Web apps quite frankly suck for anything beyond the absolute simplest things.

    You wouldn't be able to write an emulator that even comes close to the performance of native...

    There's also things like Kodi that require access to local devices on your network in order to access your media to actually play, web apps don't give you anything that could be used for that.
    edited August 2021 williamlondongatorguylam92103killroy
  • Reply 10 of 25
    Think tank "sponsored" by Apple?
    Probably all apps will continue to be available from Apple's App Store – so the customer can choose to trust only Apple.
    Choice is a good thing – Apple has just to make sure that apps from all sources run in the sandboxed environment for security.
    lam92103killroy
  • Reply 11 of 25
    xyzzy-xxx said:
    Think tank "sponsored" by Apple?
    Probably all apps will continue to be available from Apple's App Store – so the customer can choose to trust only Apple.
    Choice is a good thing – Apple has just to make sure that apps from all sources run in the sandboxed environment for security.
    All apps already run in a sandbox for security, sideloaded or not.
    lam92103
  • Reply 12 of 25
    lmasanti said:
    Please, FCC/FTC/lawmakers… ASK CUSTOMERS, PLEASE!

    Make a survey —aka the one on broadband or better—.
    1- Telcos will send all users a lint to a site —they surely know all their users!—.
    2- In the site, your cellphone number will be used ONLY to check that you judy vote once and to know your cellphones’ OS/model.
    3- Based on the OS option, you'll be asked about things like app store, privacy, etc. —if you use Android you won't be able to answer on iOS' questions and viceversa—.
    4- The survey can also be used to ask customers about the tracking ad systems —Facebooks, Instagrams, etc.—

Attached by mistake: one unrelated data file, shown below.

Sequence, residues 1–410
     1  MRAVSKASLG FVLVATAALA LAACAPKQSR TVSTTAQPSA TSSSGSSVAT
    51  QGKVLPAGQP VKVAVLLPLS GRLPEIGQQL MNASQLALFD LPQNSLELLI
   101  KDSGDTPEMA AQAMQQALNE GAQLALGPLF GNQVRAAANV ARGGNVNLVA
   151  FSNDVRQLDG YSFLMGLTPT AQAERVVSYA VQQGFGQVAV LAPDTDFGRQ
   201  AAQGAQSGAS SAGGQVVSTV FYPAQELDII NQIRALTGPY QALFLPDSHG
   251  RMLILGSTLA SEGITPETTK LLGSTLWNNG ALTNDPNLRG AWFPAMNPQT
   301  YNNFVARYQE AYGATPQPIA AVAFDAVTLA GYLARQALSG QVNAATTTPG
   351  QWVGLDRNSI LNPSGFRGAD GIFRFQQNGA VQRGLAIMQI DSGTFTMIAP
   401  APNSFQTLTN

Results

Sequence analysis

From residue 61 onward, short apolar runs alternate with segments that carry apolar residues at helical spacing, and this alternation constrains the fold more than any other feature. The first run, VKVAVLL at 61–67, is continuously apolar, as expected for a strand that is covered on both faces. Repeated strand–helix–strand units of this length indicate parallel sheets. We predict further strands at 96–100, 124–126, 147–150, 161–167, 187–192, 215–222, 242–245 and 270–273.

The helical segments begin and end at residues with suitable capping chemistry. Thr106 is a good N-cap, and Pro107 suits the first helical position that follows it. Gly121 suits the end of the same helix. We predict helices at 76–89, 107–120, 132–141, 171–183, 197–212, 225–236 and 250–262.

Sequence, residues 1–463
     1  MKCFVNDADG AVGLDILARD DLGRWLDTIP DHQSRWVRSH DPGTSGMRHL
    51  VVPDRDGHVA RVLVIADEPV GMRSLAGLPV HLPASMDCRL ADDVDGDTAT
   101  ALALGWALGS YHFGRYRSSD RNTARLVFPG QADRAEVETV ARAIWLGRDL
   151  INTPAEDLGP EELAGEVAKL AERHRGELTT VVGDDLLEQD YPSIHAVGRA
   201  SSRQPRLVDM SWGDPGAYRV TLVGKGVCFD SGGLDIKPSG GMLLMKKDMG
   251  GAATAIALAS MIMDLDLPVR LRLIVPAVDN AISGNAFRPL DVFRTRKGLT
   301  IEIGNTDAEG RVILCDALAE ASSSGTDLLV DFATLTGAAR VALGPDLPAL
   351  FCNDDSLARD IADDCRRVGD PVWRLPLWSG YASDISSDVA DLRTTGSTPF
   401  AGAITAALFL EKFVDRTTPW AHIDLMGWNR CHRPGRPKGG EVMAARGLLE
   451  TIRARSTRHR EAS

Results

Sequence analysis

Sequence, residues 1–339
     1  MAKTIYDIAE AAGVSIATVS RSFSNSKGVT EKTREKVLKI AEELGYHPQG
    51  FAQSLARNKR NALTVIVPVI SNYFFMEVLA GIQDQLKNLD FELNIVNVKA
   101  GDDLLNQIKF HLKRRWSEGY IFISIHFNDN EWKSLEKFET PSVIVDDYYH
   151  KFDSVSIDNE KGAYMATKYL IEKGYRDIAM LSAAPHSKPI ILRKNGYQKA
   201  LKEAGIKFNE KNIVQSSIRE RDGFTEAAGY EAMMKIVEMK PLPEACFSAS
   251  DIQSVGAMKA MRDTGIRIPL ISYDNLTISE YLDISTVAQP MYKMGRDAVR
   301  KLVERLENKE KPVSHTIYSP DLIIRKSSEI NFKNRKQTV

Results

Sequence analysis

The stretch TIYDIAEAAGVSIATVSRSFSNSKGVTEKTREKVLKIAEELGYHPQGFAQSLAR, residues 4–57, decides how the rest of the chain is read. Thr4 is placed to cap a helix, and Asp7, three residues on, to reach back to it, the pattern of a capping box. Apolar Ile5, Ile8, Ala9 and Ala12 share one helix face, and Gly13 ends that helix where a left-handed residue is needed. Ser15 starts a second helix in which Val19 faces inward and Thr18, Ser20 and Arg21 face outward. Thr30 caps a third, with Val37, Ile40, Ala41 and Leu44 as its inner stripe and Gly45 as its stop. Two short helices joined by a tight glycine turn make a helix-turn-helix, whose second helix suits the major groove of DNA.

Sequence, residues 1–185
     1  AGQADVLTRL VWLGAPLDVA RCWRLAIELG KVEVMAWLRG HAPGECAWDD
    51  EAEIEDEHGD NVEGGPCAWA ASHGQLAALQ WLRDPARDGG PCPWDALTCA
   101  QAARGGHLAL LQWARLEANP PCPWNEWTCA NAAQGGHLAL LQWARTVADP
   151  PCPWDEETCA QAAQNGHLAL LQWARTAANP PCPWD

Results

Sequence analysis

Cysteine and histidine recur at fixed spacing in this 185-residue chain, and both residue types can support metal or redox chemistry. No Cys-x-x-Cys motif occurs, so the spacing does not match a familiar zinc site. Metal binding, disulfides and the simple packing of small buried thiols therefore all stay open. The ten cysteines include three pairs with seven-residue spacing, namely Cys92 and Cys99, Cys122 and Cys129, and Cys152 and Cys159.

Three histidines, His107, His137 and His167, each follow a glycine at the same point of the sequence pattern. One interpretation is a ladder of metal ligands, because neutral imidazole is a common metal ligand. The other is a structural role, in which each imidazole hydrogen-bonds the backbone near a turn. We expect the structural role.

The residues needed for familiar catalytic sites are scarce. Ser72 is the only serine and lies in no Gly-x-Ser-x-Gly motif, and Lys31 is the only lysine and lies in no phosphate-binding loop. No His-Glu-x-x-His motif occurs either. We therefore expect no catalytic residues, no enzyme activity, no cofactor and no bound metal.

And we will know what customers… who put their money on the device… want.
    That'll probably never happen unless corporate lobbying becomes illegal, which will never happen because any attempt to do so will be met with billions of dollars being spent lobbying to prevent anything like that from happening.
    lam92103stourquekillroy
  • Reply 13 of 25
    tjwolftjwolf Posts: 424member
    ...
    Customers having a side-channel will allow developers to publish software that Apple doesn't want on the App Store, it will allow apps like emulators, game streaming, Kodi, "adult" apps, and any software that Apple may decide they don't want available to iOS users in the future.

    ...
    Unfortunately, aside from allowing all the apps you mention, it'll also allow malware to enter a user's iPhone.  And guess who gets the support burden or the blame or the repetitional damage?  Apple, of course.  That customer will scream at Apple for their iPhone having been infected, for the iCloud data having disappeared, etc....they won't tie it back to that app they downloaded many months ago from that "side channel".

    Another scenario, closer to home: our family has 3 iPhones under the same Apple ID.  We're all adults, but some of us (i.e. my daughter) are a lot more 'relaxed' about security than I am.  What if she ends up side-loading a malicious app - and it ends up siphoning off private information from our shared iCloud account?

    The fact is that many of us bought iPhones in the belief (whether it's a wrong belief is an entirely separate discussion) that iPhones were more secure because with respect to applications, they only had one entry point.  One could argue that Apple designed its entire ecosystem with that single "weak point" assumed.  If, suddenly, unchecked applications ran in this ecosystem, who knows what the security implications would be.  Apple's ecosystem certainly would no longer  provide the security many of us depended on.